I’ve seen these facts mentioned in various different ways and it pains me every time. I think it starts in the schools, and unfortunately traditional education doesn’t do a great job in teaching financial literacy. Taxes, budgeting, investments, and things of that nature — I didn’t learn these things until college or even until I pursued my Certified Financial Planner credentials. These topics are so crucial to everyday life, and building that foundation at a young age could make all the difference in the world. As we currently stand, it’s on the parents to educate their kids and build that foundation, but if 2/3 of Americans aren’t educated on the basics of financial literacy, how can we expect them to teach their kids?

If you had the power to make a change, what 3 things would you recommend to improve these numbers?

As I mentioned, I would start in the schools. Making basic financial literacy part of the normal curriculum in elementary, junior high, and high school. I think that could go a long way in changing the landscape of financial literacy. Another thing I would change is how we view money. It is a tender topic for so many people. We need to normalize this type of conversation so people aren’t afraid to ask for help or advice. Finally, I would encourage everyone to meet with a financial advisor. No problem is too big or small, whether you believe you have no money at all or you believe you are wealthy, there is value in meeting with an advisor to set you on the right path.

Ok, thank you! Now to the main question of our interview: You are a “finance insider”. If you had to advise your adult child about 5 non intuitive essentials for smart investing what would you say? Can you please give a story or an example for each?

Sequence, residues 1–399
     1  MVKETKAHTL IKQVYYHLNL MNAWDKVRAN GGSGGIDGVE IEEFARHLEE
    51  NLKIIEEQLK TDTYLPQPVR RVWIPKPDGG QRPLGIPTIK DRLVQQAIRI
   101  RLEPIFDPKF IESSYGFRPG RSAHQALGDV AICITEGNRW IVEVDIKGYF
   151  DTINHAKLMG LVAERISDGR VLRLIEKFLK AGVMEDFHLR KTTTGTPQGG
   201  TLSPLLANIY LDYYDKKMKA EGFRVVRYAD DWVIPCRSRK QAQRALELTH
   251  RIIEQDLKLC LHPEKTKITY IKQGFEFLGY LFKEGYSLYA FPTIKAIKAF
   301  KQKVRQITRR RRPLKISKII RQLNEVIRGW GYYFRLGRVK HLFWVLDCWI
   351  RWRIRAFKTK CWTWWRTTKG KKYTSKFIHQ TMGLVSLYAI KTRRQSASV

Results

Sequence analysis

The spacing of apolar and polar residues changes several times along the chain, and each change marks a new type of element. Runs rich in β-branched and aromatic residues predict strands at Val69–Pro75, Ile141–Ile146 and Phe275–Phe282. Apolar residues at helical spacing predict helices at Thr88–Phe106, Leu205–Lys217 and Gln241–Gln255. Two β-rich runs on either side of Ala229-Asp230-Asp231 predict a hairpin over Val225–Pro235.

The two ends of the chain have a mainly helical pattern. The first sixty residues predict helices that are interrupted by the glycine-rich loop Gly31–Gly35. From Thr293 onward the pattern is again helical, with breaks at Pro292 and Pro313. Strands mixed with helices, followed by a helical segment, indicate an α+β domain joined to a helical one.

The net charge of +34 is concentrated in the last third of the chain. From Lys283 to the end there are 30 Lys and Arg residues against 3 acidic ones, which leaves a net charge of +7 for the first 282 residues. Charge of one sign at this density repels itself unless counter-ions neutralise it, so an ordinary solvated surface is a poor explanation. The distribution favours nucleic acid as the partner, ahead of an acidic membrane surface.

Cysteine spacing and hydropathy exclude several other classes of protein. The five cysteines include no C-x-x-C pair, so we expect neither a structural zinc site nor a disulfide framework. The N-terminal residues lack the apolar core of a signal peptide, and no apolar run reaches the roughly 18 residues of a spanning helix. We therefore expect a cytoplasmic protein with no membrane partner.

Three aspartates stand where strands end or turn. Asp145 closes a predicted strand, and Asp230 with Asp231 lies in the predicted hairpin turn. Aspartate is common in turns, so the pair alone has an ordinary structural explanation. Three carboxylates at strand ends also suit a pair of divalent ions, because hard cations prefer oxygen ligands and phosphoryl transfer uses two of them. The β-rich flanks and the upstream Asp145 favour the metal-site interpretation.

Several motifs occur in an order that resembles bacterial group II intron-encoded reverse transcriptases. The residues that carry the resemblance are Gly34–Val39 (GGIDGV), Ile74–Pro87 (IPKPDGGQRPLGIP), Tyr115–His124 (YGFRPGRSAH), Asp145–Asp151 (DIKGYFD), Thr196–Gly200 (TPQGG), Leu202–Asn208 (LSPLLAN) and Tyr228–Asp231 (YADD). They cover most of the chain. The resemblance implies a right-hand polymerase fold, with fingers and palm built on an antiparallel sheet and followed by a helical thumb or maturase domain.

1. Set goals — Perhaps the most important aspect of investing. What are your goals? Whether it is saving for retirement, a new home, building wealth, or anything else, your goals dictate your time horizon, risk capacity and tolerance, and ultimately your investment strategy. Getting a good handle on the purpose of your investments is key for smart investors.
  2. Understand risk — Once you know your goals, you must understand the risk needed to achieve those goals. This, along with other factors such as time horizon and emotions, are great starting points for smart investing.
  3. Consider Utilizing index or mutual funds over individual stocks — choose index funds and mutual funds in order to better improve your chances of success. Individual stocks can be a gamble that pays off big, but also can completely derail your progress toward investment goals. By choosing an index fund, you are potentially maximizing your chance of at least owning a portion of those big winners in order to compound your money without placing all your eggs in one basket and carrying the risk of losing it all.
  4. Be patient — Smart investors know that, generally speaking, the stock market is one of continuous advancements with temporary setbacks. This means it may take a bit of time to see your investments grow. But if you’ve done your research and know your goals, patience has historically paid off.
  5. Monitor your portfolio — While checking your balance every day is not typically advisable and can lead to emotional decisions, reassessing your game plan once or twice a year is a smart idea. Life events (such as marriage, children, retirement, and deaths in the family), market conditions, and your goals are all things to consider when taking the pulse of your portfolio.